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WASHINGTON (Reuters) - With legal battles over gay marriage simmering across the United States, proponents are showcasing a group they had once sidelined: children.
Lawyers are recruiting same-sex couples who have children, putting interviews with kids as young as seven in court filings, and organizing media events featuring teenagers. In May, for example, after a Virginia federal appeals court hearing, 16-year-old Emily Schall-Townley told a televised news conference: “These are my two moms. And this is my family.”
The lawyers’ approach marks a strategic shift from several years ago, when proponents of gay marriage kept the focus away from children, if there were any.
Advocates were wary of provoking negative responses from judges and the public at a time when prevailing opinion was more likely to view children as harmed by gay marriage.
As recently as 2006, when New York and Washington state high courts upheld bans on same-sex marriage, they sided with states that said having gay parents could hurt youngsters. The New York court said, "a child benefits from having before his or her eyes, every day, living models of what both a man and woman are like."
But in the milestone case of U.S. v. Windsor last year, in which the Supreme Court extended federal spousal benefits to same-sex couples, Justice Anthony Kennedy - a moderate conservative appointed by President Ronald Reagan - turned that around. In the majority opinion he wrote that the federal law that denied benefits to same-sex couples “humiliates” tens of thousands of their children.
In a separate dispute, involving California's former ban on gay marriage known as Proposition 8, Kennedy said during oral arguments that the 40,000 children in California who live with same-sex parents "want their parents to have full recognition and full status.”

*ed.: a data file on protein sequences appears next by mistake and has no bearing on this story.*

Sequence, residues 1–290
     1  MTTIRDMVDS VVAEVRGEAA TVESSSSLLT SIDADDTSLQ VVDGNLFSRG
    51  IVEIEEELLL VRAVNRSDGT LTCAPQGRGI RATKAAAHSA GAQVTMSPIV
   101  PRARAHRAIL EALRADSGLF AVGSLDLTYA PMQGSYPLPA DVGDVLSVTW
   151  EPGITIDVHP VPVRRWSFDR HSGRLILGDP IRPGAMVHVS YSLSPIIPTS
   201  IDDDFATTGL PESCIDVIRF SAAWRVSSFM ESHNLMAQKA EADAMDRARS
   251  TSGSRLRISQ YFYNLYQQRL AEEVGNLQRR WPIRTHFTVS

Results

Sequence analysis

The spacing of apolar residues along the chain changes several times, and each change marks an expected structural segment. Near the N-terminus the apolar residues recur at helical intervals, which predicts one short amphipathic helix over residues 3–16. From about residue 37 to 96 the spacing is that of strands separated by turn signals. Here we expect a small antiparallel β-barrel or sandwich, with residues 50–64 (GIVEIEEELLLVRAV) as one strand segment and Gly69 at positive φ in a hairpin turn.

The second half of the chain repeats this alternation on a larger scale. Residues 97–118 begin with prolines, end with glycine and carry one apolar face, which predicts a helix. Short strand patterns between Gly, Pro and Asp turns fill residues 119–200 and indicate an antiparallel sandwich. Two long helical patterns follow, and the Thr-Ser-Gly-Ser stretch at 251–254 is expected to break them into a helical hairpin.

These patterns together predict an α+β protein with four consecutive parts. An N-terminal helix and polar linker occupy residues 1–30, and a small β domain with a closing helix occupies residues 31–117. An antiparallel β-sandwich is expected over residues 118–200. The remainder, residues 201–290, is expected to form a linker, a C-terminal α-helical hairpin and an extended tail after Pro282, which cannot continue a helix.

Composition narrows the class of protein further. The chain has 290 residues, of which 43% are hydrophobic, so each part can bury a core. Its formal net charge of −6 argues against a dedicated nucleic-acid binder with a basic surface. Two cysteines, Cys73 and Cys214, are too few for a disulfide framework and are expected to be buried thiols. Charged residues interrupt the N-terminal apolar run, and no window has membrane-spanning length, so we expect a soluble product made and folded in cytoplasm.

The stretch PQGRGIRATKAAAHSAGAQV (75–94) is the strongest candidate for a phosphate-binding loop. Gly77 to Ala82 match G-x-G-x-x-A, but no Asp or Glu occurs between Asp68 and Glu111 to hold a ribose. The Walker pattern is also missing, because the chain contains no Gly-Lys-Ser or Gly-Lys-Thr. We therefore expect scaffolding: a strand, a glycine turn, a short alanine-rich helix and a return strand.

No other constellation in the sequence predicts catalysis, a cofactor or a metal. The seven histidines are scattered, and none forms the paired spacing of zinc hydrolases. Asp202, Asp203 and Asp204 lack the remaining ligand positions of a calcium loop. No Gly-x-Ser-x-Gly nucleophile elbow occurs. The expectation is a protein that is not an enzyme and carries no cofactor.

The legal question in the Windsor case did not center on a fundamental right to same-sex marriage. Yet its legal reasoning sparked a wave of litigation challenging state gay-marriage bans that is poised to reach the Supreme Court next year, and judges in these cases are picking up on Kennedy's comments about children.
At the Virginia hearing in May, U.S. Circuit Court Judge Roger Gregory asked a state lawyer, “Do you think the child loves the parents any less because they are same-sex parents?” Others directly cited Kennedy.
In the nearly 20 cases decided so far since Windsor, every judge has ruled against the marriage bans; most cases are on appeal and prohibitions have not been lifted. The most recent decision came on Friday by the 10th U.S. Circuit Court of Appeals, ruling on an Oklahoma law. Same-sex marriage is banned in 31 of the 50 states.
The legal questions involve equal protection, due process and state power. The issue of the welfare of children arises when states try to defend their authority to approve only opposite-sex marriage.
Defenders of the bans said they will continue to assert that one reason states should confine marriage to opposite-sex couples is that same-sex unions could harm children.